Friday, 31 March 2017

Play-spaces and PLAY

I have just read
"Why do architects dictate children's play so stringently?"
and it made me react....

I feel it's not so much the playspace design... but he adults surrounding the play-space that are not allowing children to explore it on their own terms...

I see children having amazing play in play-spaces... not using them as" Victorian" training gyms but real creative play that is original in how they use the equipment... Since the article states 
Playgrounds are still modelled on Victorian notions of character-building gymnastic exertion
it also states

"How often have you seen a child scolded for attempting to climb up the ramp of a playground slide, rather than descending demurely down it? Take a second glance at the objects in most playgrounds and you'll clock the extent to which they are totally prescriptive, designed to be used in a single way: a roundabout for spinning on, a swing for swinging on."

Which brings me back to my original statement, it is not about the design but about the adults that are with the children at the play-space who are unable to use their imaginations and can only see a "totally prescriptive, designed to be used in a single way" equipment. In my observations of children they have NO problem exploring the equipment in many different ways as longs as adults step back and give them space.

I have been visiting play-spaces and photographing them and observing how they are used for many years now - and seriously it is not the design that is the biggest problem, it is that there are too many adults in the play-space... it has been conquered by adults and their perception of play... Rarely do I visit a play-space where children greatly outnumber the adults... and ONLY once have I visited a play-space here in Stockholm where I have been the only adult while there are children there that are not with me... 
Weekends are the worst when parents come out en masse with their children... I have been to play spaces where there are more adults than children...!!!

Also parents are way too interested in their children being happy and seem afraid of frustration or maybe unable to distinguish frustration from sad... and therefore lift up their children and help them too much and therefore further feeding the children that they can do things before they are ready... taking away their sense of own personal achievement and the need for cheap thrills... and also taking away from the children how to learn to deal with frustration - a very important life skill.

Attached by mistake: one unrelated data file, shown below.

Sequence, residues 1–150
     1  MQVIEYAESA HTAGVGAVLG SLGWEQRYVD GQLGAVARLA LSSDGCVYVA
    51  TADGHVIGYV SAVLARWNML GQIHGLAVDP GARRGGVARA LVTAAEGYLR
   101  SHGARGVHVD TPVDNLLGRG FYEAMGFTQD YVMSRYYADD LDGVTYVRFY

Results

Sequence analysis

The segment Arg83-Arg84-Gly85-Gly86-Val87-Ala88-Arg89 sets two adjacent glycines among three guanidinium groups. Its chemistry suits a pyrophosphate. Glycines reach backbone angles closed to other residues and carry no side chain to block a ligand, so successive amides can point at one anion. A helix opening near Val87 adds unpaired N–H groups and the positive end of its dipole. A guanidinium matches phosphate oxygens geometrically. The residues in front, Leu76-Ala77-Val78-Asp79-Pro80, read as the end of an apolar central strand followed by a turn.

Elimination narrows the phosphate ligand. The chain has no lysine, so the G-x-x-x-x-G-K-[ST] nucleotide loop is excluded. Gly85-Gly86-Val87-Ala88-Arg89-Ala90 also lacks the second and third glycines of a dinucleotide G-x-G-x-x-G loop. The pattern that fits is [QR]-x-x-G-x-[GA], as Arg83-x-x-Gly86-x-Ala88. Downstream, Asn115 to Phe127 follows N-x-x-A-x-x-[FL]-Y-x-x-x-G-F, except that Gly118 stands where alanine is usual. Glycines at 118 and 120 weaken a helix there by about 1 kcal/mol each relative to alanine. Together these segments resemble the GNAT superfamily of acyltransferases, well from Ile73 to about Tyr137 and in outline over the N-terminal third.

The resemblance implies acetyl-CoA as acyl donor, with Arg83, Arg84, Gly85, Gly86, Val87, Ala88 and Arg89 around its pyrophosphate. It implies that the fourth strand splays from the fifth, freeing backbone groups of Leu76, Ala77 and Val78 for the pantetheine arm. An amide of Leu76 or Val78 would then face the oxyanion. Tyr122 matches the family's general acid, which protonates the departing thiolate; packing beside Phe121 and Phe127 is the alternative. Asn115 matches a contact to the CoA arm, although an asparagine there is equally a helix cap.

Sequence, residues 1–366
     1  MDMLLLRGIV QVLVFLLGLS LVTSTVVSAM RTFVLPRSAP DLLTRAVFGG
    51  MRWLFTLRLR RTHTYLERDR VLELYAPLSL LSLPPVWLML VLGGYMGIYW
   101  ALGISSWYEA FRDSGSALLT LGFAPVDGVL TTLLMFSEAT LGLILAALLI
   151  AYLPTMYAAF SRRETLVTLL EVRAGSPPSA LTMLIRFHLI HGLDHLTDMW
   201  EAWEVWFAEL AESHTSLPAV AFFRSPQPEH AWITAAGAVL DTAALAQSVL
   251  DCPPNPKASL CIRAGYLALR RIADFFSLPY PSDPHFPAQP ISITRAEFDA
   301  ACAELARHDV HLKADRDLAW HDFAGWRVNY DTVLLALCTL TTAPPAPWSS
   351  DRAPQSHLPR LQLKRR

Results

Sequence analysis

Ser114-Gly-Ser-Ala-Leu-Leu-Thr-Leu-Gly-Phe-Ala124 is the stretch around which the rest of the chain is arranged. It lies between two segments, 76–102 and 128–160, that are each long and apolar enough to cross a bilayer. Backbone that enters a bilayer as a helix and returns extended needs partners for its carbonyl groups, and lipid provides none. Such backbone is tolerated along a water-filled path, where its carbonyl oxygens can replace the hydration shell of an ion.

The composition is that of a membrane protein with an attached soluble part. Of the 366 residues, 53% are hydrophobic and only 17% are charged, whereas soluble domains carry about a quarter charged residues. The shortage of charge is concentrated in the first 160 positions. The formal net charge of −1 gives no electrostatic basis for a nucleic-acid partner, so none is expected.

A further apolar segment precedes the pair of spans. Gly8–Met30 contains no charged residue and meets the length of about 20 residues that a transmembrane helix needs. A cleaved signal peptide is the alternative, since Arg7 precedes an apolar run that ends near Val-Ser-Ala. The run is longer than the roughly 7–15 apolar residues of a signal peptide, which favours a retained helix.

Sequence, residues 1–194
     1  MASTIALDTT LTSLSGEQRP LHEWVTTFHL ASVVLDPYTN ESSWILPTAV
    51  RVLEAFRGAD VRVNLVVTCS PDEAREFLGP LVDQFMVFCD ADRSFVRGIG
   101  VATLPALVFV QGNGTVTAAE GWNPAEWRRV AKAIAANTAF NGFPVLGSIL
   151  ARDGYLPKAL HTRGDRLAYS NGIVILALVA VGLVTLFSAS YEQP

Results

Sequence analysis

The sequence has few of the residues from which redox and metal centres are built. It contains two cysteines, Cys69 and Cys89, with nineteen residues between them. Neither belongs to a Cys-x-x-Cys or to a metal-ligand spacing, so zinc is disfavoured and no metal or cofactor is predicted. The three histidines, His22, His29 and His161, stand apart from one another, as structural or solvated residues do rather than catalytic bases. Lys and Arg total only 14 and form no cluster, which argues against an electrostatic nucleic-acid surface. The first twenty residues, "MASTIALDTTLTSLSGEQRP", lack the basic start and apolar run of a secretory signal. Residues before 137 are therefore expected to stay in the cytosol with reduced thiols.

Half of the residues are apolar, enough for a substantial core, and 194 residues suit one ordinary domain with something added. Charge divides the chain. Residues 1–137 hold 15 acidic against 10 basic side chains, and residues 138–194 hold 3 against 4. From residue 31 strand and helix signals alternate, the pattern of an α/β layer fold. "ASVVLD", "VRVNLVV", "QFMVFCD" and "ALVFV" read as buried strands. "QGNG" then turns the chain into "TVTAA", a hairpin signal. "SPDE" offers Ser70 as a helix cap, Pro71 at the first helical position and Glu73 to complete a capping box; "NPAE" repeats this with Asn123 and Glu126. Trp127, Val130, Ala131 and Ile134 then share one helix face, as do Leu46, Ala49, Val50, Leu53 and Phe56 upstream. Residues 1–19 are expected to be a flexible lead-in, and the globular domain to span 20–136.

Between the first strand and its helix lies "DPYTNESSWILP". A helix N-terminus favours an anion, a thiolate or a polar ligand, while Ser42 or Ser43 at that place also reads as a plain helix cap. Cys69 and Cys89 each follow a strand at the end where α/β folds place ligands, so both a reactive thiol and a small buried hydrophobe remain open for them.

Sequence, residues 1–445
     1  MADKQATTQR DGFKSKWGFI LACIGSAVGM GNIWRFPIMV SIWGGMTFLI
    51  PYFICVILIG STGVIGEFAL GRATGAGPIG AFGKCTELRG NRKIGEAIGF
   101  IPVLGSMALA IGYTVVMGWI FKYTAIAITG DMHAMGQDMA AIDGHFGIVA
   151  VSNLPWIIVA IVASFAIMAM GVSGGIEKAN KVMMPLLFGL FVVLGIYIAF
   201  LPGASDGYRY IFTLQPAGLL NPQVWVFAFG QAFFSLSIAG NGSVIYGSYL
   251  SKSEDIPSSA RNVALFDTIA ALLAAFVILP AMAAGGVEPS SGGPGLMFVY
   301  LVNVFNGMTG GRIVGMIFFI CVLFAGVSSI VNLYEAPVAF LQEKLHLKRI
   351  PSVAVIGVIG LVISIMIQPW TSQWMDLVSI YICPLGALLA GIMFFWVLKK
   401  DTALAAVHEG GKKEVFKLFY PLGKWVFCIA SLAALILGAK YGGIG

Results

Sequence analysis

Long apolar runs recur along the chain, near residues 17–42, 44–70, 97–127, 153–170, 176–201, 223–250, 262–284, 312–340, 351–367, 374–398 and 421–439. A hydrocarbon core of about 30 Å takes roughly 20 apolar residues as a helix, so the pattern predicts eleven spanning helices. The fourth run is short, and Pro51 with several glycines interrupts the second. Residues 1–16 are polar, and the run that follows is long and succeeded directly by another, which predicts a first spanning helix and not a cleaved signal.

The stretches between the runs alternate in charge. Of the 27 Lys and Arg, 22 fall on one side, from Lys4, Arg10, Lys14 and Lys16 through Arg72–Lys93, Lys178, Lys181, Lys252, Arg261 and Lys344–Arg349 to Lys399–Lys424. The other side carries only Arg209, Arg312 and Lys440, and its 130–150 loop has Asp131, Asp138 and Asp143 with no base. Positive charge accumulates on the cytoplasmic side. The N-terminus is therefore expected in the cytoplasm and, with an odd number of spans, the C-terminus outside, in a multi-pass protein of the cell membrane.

Rules in play-spaces need to happen, but they don't have to be traditional rules e.g. up the steps and down the slide ("correct" use of equipment) - but rules that allow all to play; and the play is not exclusive where just one or two children dominate a slide as they use it for both up and down, making it impossible for others to use it... because then it is not about going up the slide is wrong, it is about not sharing the slide with others, or even being aware that others want to use it and are waiting...

 Children often need scaffolding when it comes to their social play, and discussing potential play-space rules can help with that... making sure that there is time for all the children to go up the ramp, ensuring there is no danger but still allowing for the element of risk, so the children can learn risk management...
Children sort of need to fall when they are small, to learn the consequences when the falls are small, their bodies heal fast and the risk for serious injury is small... both my daughters have fractured their arms... once while balancing on a log and fell off, the other while ice-skating, and then a week after the pot was taken off she slipped on the ice while walking home from school and fractured her other arm, one daughter has been concussed while skiing and vaulting (by accident) landing on her head... my son has a scar above his left eye from slipping on ice in the school yard...